What is 1B-LSD? Very little data exists about who discovered it. We know it surfaced in the research chemical market in 2018. And we know it’s a molecule substance of the Lysergamide family, and its chemical name is 1-Butanoyl-d-lysergic acid diethylamide.
But beyond that?
According to Sweden’s public health agency, 1B-LSD is a hazardous substance. The US government doesn’t ban it, but as an analogue of LSD, you may be prosecuted if found in possession of it.
But then we have places like Switzerland. 1B-LSD is legal when used for scientific or industrial uses. And that’s how we’ll approach the topic here.
But before we can answer, “What is 1B-LSD,” we should clarify what research chemicals are.
Research Chemicals are like Baseball Cards
People collect baseball cards for many reasons. Some people collect them as a hobby, while others do it as an investment. Baseball cards can be valuable because they can be rare, and some people enjoy the challenge of trying to find and collect as many different cards as possible.
For some people, collecting baseball cards is a way to connect with the sport’s history and to remember and honour the players who have made significant contributions to the game. For others, collecting baseball cards is simply a fun and enjoyable pastime.
Sound familiar? Notice how baseball card collecting isn’t synonymous with playing baseball? It’s similar to research chemicals.
Researchers will collect different substances, like analogues of LSD. Sometimes they do it as a hobby, curious about mother nature’s inner workings.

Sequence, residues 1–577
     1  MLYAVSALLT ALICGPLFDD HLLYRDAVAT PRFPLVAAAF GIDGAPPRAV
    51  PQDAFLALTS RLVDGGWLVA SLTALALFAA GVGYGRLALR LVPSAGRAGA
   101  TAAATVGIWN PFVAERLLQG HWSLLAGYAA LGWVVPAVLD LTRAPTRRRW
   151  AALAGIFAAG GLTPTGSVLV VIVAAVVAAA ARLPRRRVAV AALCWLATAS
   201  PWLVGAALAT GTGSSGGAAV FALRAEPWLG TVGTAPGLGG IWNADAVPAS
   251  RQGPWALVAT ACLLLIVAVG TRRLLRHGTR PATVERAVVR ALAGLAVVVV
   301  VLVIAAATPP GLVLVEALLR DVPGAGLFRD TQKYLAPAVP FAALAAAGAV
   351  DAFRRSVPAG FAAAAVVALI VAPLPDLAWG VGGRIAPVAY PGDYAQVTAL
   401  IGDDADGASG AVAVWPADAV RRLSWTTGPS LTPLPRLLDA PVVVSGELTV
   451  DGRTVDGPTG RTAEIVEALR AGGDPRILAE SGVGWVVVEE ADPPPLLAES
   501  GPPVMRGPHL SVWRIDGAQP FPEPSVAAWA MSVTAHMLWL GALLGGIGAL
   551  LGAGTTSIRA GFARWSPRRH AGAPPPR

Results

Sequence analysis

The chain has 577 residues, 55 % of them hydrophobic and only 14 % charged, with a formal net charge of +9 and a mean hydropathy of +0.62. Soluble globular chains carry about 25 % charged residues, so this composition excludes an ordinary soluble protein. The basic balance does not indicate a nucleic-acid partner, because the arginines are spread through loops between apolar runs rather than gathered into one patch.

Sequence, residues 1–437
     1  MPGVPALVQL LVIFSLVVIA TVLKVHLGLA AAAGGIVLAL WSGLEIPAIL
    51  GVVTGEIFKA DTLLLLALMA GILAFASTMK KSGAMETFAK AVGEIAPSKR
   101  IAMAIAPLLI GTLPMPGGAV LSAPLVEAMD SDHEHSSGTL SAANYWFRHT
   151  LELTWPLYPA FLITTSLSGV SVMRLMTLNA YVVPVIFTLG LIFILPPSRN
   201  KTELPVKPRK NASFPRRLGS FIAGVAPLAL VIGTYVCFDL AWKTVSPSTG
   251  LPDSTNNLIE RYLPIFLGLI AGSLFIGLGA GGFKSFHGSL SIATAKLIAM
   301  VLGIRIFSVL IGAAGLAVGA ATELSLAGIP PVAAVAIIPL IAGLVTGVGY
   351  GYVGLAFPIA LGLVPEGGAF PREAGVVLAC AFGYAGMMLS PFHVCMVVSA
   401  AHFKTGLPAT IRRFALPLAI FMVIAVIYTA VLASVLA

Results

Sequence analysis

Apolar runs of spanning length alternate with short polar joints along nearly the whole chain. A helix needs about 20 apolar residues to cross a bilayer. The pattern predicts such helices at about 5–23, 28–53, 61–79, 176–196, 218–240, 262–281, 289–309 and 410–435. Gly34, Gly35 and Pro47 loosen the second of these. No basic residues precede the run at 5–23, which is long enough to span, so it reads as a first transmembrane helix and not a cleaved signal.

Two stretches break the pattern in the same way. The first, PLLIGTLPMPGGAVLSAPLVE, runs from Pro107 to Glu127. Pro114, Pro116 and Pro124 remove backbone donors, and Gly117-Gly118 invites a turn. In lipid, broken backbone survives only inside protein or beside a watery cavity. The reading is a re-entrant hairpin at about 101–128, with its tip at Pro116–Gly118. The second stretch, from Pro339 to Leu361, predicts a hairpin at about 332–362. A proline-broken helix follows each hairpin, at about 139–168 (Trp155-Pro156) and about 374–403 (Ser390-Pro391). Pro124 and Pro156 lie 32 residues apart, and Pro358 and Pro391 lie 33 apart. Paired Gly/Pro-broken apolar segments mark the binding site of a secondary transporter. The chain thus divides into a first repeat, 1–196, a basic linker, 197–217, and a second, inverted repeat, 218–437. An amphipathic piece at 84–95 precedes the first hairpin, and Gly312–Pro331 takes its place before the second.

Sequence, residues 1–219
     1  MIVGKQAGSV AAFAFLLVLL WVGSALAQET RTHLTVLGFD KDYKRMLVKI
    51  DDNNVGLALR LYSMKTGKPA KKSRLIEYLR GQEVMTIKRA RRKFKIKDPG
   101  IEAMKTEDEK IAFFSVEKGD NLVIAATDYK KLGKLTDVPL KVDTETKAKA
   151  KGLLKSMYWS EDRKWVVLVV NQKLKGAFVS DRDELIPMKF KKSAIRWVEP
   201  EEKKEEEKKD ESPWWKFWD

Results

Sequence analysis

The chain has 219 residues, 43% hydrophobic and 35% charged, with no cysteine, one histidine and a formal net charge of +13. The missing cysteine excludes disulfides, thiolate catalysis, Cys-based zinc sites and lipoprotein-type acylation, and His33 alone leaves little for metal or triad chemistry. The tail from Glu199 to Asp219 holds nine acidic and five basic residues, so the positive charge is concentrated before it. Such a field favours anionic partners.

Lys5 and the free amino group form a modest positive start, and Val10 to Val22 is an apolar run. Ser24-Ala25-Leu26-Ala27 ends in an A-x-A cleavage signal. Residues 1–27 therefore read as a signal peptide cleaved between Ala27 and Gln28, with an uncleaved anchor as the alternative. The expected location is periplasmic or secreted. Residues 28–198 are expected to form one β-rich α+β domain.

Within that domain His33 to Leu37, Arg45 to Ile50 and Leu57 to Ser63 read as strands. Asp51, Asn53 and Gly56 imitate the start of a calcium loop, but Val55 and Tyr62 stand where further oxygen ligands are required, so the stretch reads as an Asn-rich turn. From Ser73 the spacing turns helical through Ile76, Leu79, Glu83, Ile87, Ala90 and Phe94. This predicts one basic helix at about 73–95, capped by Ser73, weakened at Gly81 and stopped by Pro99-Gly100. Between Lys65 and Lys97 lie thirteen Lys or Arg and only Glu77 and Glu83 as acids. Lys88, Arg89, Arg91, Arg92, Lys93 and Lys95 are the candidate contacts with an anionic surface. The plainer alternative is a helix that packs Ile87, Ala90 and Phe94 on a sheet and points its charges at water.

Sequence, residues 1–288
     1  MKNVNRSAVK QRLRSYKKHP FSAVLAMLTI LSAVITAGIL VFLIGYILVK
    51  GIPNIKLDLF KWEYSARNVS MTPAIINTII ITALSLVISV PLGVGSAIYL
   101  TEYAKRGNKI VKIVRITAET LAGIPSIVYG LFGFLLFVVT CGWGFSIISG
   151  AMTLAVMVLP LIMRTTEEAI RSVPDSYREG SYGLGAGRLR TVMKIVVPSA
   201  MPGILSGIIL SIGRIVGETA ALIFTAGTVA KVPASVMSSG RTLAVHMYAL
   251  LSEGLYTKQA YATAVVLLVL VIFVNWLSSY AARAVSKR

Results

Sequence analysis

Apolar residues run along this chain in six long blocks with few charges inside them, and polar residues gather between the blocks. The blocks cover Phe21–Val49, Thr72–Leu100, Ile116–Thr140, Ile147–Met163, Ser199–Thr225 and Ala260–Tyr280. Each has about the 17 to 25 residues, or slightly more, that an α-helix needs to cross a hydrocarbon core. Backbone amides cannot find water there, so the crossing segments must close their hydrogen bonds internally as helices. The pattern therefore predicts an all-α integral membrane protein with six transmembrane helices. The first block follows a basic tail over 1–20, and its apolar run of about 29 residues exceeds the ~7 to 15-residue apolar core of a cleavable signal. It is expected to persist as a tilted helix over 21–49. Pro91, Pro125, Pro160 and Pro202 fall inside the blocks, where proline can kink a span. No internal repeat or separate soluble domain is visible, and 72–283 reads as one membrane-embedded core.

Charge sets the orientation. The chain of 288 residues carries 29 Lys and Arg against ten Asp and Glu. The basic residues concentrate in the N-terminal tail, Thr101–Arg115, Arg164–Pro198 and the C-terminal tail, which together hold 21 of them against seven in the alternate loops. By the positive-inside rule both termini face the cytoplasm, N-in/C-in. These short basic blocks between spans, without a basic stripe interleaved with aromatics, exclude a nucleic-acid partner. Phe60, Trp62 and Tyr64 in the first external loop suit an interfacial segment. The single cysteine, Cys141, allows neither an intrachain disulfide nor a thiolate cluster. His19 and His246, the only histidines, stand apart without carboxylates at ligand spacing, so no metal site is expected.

Others are researching it as a form of investment. Research chemicals have scientific and medical potential. A researcher who isolates a beneficial compound could make millions depending on the discovery.
Like baseball cards, research chemicals have their own allure independent of their origin. For example, baseball cards feature baseball players on them, but that’s where the similarities end. You can look at the stats on the back of the baseball card, but it’s different from watching a game.
Or even playing in the game.
Likewise, many research chemicals live a double life as “designer drugs,” but one isn’t synonymous with the other.
A baseball card collector may care more for an old Mickey Mantle card than whoever is playing in the World Series that year. Just as a researcher studies the scientific properties of 1B-LSD, never mind any possible consumption effects.
In fact, these compounds were not designed and are not sold for human consumption. Research chemicals are typically designed to be similar to existing substances but with slight modifications that make them more suitable for research. This is also why we sell our research chemicals in droppers.
What is 1B-LSD?
So what are some of these slight modifications that produce 1B-LSD?
All Lysergamides are isolated from a fungus called ergo. Ergot contains compounds known as ergot alkaloids, each having a tetracyclic ergoline ring system. Modifying the ergoline ring system in the N1 position is the most frequently performed change you’ll see with this substance.